ChoicePoint to let consumers view personal information


ATLANTA - An executive for troubled ChoicePoint says consumers will be able to review personal information compiled about them and then sold to employers, insurance companies and other businesses.

Don McGuffey, the company's vice president for data acquisition, made the comment in testimony before a committee of the California state Senate on Wednesday.

Currently, by paying the company, people can see reports that contain information about them. McGuffey said the new system would provide "a single point of access" to review a variety of reports with that information. Critics have said such reports sometimes include errors.

Yesterday, ChoicePoint officials couldn't say when public access to the records might be allowed or whether there would be a charge to see them.

About 145,000 such consumer records were obtained by an identity thief or thieves who created fake businesses to establish accounts at the Georgia company. The scheme, based in Los Angeles, affected about 35,000 Californians.

The fallout from that incident, which became public in February, includes lawsuits, government hearings and an investigation by the Federal Trade Commission. The Securities and Exchange Commission also has begun an informal investigation into stock trading by Derek Smith, ChoicePoint's chief executive, and Doug Curling, its president.

McGuffey's testimony offered no details of the plan. ChoicePoint spokeswoman Kristen McCaughan would not say when access might be allowed or how the plan would work.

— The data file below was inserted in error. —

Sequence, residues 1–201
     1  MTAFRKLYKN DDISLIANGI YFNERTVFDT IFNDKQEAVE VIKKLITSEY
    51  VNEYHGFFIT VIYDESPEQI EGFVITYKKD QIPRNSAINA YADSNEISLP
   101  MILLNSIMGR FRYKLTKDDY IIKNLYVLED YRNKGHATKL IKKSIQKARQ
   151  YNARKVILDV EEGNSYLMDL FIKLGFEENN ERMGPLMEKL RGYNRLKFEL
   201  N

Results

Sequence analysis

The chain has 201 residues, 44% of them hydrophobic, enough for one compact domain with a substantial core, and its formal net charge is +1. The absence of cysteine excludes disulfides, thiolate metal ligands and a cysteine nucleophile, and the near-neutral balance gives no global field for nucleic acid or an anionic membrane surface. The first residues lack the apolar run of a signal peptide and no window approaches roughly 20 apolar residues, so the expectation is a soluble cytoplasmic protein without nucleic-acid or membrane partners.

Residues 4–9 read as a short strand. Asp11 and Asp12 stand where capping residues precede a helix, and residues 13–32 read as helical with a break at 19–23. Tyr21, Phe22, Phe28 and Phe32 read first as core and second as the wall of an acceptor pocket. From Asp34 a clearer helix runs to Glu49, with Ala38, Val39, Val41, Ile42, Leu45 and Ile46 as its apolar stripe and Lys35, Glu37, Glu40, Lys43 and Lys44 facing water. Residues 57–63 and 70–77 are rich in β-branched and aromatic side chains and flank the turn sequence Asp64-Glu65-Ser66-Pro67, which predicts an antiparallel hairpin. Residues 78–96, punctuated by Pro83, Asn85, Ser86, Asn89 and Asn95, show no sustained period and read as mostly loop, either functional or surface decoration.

She said in a statement: "Everyone should have a right of access to information about them, irrespective of the type, source or use of the information. In other words, expand the principles of the Fair Credit Reporting Act to all types of information: right to access, right to question the accuracy and prompt a review, and right to comment if a negative record is found to be accurate."

At the committee hearing in California, McGuffey said a previously announced effort to check the credentials of about 17,000 ChoicePoint customers to make sure they are legitimate users will be more difficult than the company first planned in the wake of the security breach.

The statement said many customers - including private investigators - will no longer have full access to Social Security and driver's license data.

Full access to the data will be confined to government, law enforcement, financial institutions that are members of the FDIC, and federal- or state-chartered insurance companies, ChoicePoint said.

The Associated Press reported that the ChoicePoint measures seemed to at least partly satisfy the demands of California state Sen. Jackie Speier, who has introduced legislation to limit the industry.

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